a modern approach that you should consider is to start at 45-50, wait for your fermentation to be about half over, and start slowly ramping then until you hit 68-70, hold there until complete, then crash.  the idea here is that almost all yeast flavor is developed in the early phases of fermentation.  lagers are not supposed to have yeast character.  so by being careful early on, you're getting the main benefit of a lager without all the effort.  this method has the benefit of being less dependent on cold fermentation temps for such a long time, and speed: fermentation time is cut down because warmer temps = faster fermentation.  some reading: link 1 (good explanation, including proposed timeline), and link 2.

another traditional characteristic of lager is that it should be crystal clear.  this is what those 4-6 weeks of cold storage (AKA lagering) are giving you.  also cleans up unwanted flavors caused by stuff in suspension - after weeks of cold temps, that stuff will drop out and settle at the bottom of your carboy or keg.  but this is an ideal.  if you can't get down to 32, get down to whatever you can - set the brew jacket to max cold, wrap that baby up in an extra sleeping bag and let it ride.  after finishing up at 68-70, a few weeks at 45 will help a lot with clearing.  and you don't want to do this in the bottle, because then the crap will just settle to the bottom of the bottle and will get kicked up as soon as you pour.  better to bulk-age in the carboy/bucket/whatever, then bottle after clearing is complete.  and if you can't do 4-6 weeks, do as long as you can.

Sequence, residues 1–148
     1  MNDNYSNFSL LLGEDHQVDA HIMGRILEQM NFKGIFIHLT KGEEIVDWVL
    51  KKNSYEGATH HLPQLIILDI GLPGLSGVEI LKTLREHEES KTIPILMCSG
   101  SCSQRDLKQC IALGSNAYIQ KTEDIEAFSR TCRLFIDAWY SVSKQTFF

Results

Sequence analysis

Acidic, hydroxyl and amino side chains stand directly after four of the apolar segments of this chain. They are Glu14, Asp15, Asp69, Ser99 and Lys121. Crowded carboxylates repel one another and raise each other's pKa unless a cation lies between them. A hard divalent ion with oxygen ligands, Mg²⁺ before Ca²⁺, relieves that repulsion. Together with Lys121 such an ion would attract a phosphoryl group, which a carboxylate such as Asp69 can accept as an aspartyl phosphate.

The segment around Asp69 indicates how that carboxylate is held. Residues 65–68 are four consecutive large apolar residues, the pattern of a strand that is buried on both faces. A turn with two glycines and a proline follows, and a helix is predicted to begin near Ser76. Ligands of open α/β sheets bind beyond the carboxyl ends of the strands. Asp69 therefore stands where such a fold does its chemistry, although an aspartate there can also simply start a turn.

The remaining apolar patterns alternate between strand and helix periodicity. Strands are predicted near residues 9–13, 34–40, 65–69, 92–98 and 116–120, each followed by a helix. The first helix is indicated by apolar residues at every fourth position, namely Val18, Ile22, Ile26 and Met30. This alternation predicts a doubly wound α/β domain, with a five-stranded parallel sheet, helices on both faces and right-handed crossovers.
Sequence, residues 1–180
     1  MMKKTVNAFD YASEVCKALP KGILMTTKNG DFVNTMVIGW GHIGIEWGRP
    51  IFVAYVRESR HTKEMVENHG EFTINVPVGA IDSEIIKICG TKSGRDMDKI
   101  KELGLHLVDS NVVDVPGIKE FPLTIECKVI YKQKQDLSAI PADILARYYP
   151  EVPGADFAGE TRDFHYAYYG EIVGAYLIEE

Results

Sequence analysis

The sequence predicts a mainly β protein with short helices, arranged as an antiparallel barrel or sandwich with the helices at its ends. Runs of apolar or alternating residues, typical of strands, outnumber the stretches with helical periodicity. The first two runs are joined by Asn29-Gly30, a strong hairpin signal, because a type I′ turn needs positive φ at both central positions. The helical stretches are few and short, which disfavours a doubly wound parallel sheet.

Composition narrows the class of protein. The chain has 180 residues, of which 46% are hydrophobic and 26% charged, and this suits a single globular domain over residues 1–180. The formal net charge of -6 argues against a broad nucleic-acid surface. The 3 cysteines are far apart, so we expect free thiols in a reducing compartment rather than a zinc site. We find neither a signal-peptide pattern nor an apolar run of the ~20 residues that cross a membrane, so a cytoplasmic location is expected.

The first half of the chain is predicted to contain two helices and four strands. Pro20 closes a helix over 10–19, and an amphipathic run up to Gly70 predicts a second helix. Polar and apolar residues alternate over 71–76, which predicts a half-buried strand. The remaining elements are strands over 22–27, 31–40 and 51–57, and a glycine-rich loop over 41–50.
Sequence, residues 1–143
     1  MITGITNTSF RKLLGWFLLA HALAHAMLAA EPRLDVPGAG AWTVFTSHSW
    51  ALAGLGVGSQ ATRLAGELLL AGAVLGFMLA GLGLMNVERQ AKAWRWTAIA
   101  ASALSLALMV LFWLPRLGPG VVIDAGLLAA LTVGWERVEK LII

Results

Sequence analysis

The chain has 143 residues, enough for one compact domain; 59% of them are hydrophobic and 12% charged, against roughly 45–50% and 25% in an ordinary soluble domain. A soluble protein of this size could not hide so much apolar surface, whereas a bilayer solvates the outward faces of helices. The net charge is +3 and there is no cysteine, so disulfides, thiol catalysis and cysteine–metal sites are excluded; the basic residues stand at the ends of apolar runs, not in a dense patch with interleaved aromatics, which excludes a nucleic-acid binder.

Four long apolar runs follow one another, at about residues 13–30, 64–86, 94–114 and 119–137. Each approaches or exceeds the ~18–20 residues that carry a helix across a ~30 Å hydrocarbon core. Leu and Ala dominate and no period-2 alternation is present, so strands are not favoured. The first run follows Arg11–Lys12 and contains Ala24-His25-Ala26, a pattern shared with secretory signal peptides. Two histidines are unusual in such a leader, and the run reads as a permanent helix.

finally, clarity isn't as important on a schwarzbier depending how dark you make it.  can't see through black ;D

Also...priming sugar
All the 'pro' recipes don't even mention this as it's assumed you know
I was told to use a chart, but why wouldn't they list how much is used for an 'optimal' batch
It's like that annoying note in cooking recipies...'salt to taste'
I always hate that...just tell me how much you use and I'll adjust from there

I know I'm supposed to use this chart
http://howtobrew.com/assets/img/assets/f65.gif
but I wish they'd tell you in the recipe what the target Volumes of CO2 for that beer
seems like an important thing

first off, forget that graph from How To Brew.  that's old school.  we got the internet now, and there are plenty online priming calculators.  i like this one.  note that there is a drop-down to select your beer style, with suggested carbonation levels.  boom.

regarding the "temperature" input on brewing calculators: do not use the current temp of the beer, as the calculator might indicate.  rather, use the temp at which the beer finished fermenting at.  in the above example of starting at 50*F, ramping up to 70*F until fermentation is over, then crashed down to 45 - you would use 70 as the beer temp since that is where fermentation ended.  if you use 45, AKA the current temp of the beer at bottling time, you beer will be over-carb'ed.  lemme know if you want to hear about the science behind it, it boils down to warm liquids holding less gas than cold liquid, so you need to pick when the gas was last replenished by fermentation...